Superbright Supernovas' Cause Potentially Revealed

Superluminous Supernova PTF 12dam
A picture of the newfound blue-tinted superluminous supernova PTF 12dam. (Image credit: Matt Nicholl et al.)

The cause of a mysterious, long-lasting, superbright form of supernova, the most energetic stellar explosion in the universe, may now have been discovered, astronomers say.

Surprisingly, these outbursts may be driven by the birth of magnetars, dead stars that rank among the most powerful magnets in the cosmos, according to a study published online today (Oct. 16) in the journal Nature.

Supernovas result from the deaths of stars. These explosions can briefly outshine all of the other stars in their galaxies. [Supernova Photos: Great Images of Star Explosions]

More than a decade ago, scientists first detected a new, extremely rare class of supernova. These incredibly bright explosions, known as superluminous supernovas, are up to 100 times brighter than other types of stellar outbursts.

A number of these explosions fade very slowly, matching theoretical models of what are called pair-instability supernovas. Astrophysicists suspected that within the extremely massive stars thought to give rise to pair-instability supernovas — ones more than 140 times the mass of the sun — conditions are just right for gamma-rays, the highest-energy form of light, to convert into pairs of electrons and their antimatter counterparts, known as positrons.

These gamma-rays normally exert pressure that helps support the star against the crushing effects of its own gravity. However, as gamma-rays get converted to matter, the star loses this support and collapses in on itself. This, in turn, causes a runaway explosion that completely obliterates the star.

Scientists had suggested these slow-fading explosions generate huge amounts of radioactive matter, enough to equal several times the mass of the sun. This debris produces superluminous supernovas' slowly dimming light through radioactive decay, according to the idea.

Now, however, researchers have discovered two superluminous supernovas whose slow-fading light was apparently not generated by radioactive decay. Instead, these supernovas may be caused by a type of explosion that creates extremely magnetic neutron stars known as magnetars.

Astronomers discovered two superluminous supernovas named PTF 12dam and PS1-11ap, which lie about 1.6 billion light-years and nearly 10 billion light-years from Earth, respectively. The light from these explosions was blue in color and increased rapidly to their peaks over the course of about two months, whereas pair-instability supernovas should be redder and increase more slowly.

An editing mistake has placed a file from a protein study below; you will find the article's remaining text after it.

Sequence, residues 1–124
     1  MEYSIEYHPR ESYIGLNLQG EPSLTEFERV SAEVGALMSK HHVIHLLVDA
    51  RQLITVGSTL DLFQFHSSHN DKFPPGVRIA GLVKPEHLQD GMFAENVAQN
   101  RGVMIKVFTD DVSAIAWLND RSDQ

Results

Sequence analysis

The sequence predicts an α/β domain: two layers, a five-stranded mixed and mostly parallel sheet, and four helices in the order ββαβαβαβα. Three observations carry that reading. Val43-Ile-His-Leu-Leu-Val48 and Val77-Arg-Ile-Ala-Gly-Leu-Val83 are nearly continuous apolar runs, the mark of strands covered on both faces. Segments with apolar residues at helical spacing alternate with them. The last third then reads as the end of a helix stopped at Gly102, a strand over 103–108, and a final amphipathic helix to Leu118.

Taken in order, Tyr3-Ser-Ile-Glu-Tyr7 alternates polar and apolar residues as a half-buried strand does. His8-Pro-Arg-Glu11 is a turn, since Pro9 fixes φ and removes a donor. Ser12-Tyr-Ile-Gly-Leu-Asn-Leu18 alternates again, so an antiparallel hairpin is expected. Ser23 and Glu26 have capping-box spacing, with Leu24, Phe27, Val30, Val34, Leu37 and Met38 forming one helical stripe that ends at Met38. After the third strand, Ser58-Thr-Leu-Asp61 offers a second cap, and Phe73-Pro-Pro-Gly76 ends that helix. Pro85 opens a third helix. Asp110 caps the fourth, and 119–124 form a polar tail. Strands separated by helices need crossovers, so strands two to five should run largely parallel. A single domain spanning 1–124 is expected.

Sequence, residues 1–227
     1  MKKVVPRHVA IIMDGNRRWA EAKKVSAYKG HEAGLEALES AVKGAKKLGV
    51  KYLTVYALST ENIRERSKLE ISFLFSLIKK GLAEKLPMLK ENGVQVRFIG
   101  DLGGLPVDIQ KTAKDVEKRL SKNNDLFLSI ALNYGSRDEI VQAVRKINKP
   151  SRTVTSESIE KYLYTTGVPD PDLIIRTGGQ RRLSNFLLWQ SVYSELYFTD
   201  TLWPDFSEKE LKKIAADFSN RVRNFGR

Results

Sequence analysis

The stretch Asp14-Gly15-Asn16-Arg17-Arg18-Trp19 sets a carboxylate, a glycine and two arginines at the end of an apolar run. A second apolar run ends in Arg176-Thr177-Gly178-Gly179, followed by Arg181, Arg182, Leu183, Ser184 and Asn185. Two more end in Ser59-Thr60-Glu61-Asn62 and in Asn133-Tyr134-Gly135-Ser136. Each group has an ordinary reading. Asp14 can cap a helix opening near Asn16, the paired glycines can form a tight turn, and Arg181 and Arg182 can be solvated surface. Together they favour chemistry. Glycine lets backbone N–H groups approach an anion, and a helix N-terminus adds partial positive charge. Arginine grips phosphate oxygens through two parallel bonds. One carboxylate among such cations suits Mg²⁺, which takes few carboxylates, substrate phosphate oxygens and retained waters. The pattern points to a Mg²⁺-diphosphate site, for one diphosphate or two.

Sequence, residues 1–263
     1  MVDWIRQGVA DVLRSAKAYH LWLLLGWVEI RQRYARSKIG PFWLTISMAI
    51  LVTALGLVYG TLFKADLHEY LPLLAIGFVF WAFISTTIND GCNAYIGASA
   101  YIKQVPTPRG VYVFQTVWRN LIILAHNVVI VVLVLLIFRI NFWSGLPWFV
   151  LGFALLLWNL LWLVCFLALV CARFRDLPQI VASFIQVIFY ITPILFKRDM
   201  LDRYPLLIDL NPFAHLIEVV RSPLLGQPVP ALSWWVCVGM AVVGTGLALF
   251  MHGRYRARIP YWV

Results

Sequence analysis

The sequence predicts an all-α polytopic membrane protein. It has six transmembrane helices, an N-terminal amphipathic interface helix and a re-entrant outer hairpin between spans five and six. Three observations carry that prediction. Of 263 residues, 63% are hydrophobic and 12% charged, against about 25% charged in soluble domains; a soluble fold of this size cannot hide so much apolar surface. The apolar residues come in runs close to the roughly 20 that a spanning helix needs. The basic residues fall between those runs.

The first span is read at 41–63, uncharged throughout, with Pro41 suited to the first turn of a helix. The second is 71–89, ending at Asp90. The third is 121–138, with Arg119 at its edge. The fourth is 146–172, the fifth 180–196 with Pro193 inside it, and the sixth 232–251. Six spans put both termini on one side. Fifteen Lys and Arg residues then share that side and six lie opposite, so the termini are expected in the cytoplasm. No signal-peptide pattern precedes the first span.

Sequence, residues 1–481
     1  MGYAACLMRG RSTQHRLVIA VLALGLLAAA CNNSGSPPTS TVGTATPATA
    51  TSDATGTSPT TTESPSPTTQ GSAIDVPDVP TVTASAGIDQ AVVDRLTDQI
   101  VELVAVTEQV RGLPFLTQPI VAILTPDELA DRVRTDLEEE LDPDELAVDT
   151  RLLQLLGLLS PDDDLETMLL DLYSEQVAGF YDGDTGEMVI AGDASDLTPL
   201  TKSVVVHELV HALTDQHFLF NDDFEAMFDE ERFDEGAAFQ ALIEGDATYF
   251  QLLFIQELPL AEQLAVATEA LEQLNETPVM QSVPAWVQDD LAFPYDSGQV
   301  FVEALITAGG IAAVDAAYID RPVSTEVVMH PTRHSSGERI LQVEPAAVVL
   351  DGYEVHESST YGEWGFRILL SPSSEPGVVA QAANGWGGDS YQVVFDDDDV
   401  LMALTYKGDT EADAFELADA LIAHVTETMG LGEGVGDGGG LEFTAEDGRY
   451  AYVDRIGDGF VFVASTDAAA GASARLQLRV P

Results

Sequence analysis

Computer models suggest explosions that create magnetars could generate the light patterns seen from these newfound supernovas. Magnetars are a kind of neutron star, remnants of dead stars that are only about as large as a city but contain at least as much mass as the sun.

Magnetars possess magnetic fields up to 5,000 trillion times more powerful than that of the Earth. Magnetars that expel glowing matter in vast amounts more than 10 to 16 times the mass of the sun during their births could explain these newfound supernovas, researchers said.

"It was exciting to find such a great match to the predictions of the magnetar model, which also fits most of the fast-declining superluminous supernovas," study lead author Matt Nicholl, an astronomer at Queen's University Belfast in Northern Ireland, told "Two types of supernova which previously looked very different can actually both be explained quite nicely by this model."

The brightness and colors of PTF 12dam and PS1-11ap are similar to another recently observed superluminous supernova, SN 2007bi, originally suggested to be a pair-instability explosion. This suggests that pair-instability explosions may be even rarer than before thought, accounting for less than one out every 100,000 supernovas.

SN 2007bi was only thought to be one of a handful of pair-instability supernovas. These new findings could banish pair-instability supernovas back to the realm of theoretical possibility, although they do not rule them out, Nicholl said.

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Charles Q. Choi
Contributing Writer

Charles Q. Choi is a contributing writer for and Live Science. He covers all things human origins and astronomy as well as physics, animals and general science topics. Charles has a Master of Arts degree from the University of Missouri-Columbia, School of Journalism and a Bachelor of Arts degree from the University of South Florida. Charles has visited every continent on Earth, drinking rancid yak butter tea in Lhasa, snorkeling with sea lions in the Galapagos and even climbing an iceberg in Antarctica. Visit him at